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Socially learned signals and behaviors are found throughout the animal kingdom and often show striking variation within species over space and time. However, the extent to which this cultural diversity is generated by demographic factors such as immigration and dispersal has proved difficult to investigate and remains largely untested in a natural setting. Focusing on 14 different local neighborhoods within a wild population of great tits Parus major, we examined the relationship between individual movements over a 7-year period and patterns of cultural diversity at a neighborhood level, assessed using 2 indices: Song repertoire size and repertoire novelty, measured at the neighborhood (but not individual) level. We found that the repertoire size of a neighborhood is positively correlated with its levels of immigration, but that repertoire novelty is constrained by dispersal and geographic proximity among neighborhoods, both of which promote song sharing. In parallel, we show that the acoustic structure of some songs changes subtly over distance, in line with the view that learning errors can lead to the establishment of novel social traits (cultural differentiation). Our findings demonstrate that spatial variation in cultural diversity in animal societies can partly be explained as the outcome of dispersal and immigration transferring traits between neighborhoods and also suggest that trait transmission declines in fidelity over distance. © 2014 The Author.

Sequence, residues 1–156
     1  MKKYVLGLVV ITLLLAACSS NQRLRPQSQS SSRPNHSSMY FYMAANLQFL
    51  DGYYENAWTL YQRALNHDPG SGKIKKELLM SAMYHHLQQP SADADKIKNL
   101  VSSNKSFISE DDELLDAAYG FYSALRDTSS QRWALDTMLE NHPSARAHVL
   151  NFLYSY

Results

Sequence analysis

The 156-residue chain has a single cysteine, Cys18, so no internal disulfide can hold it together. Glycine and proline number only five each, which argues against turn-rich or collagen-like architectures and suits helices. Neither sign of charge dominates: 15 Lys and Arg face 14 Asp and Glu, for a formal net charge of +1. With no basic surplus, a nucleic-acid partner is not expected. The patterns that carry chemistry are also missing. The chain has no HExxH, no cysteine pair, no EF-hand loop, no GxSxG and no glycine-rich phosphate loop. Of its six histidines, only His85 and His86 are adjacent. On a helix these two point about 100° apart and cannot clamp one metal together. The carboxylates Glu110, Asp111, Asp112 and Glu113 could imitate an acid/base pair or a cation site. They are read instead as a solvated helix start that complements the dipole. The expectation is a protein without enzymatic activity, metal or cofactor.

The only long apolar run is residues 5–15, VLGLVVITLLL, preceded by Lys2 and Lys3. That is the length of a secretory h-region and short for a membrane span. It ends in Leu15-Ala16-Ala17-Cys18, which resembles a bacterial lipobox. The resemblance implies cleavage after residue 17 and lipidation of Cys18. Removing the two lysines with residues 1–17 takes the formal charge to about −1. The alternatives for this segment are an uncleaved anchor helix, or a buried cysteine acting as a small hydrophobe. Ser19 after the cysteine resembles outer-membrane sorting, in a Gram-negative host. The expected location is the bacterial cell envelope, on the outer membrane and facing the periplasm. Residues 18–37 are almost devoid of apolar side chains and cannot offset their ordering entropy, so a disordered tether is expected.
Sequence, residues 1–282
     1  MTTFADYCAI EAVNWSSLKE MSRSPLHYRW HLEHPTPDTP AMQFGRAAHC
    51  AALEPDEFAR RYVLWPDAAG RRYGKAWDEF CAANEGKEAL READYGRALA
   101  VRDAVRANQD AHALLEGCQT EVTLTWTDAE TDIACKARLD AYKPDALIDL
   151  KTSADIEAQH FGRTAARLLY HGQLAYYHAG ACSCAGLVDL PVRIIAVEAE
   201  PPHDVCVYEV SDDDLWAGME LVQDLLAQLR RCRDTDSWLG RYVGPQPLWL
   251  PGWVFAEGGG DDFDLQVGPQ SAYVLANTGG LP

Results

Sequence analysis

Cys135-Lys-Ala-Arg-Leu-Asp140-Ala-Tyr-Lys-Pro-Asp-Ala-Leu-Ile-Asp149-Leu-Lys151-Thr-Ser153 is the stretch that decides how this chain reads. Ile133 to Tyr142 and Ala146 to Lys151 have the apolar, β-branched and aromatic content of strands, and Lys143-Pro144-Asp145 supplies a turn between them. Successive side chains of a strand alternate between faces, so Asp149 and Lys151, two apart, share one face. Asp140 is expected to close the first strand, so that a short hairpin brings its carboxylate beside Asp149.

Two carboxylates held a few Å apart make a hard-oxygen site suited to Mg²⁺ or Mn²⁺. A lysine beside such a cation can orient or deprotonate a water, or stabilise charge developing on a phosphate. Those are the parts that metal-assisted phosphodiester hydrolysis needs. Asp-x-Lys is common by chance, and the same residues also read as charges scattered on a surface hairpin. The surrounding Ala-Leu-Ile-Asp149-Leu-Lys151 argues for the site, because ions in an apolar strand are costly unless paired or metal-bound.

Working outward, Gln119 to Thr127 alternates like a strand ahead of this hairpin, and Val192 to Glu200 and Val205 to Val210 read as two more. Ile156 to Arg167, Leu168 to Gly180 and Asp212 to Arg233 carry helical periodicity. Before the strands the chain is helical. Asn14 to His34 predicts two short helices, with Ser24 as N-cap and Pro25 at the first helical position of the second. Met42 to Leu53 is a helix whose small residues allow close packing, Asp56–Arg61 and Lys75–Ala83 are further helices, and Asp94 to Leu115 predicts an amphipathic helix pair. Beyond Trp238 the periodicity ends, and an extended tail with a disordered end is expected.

Original publication

DOI

10.1093/beheco/aru047

Type

Journal article

Journal

Behavioral Ecology

Publication Date

01/01/2014

Volume

25

Pages

744 - 753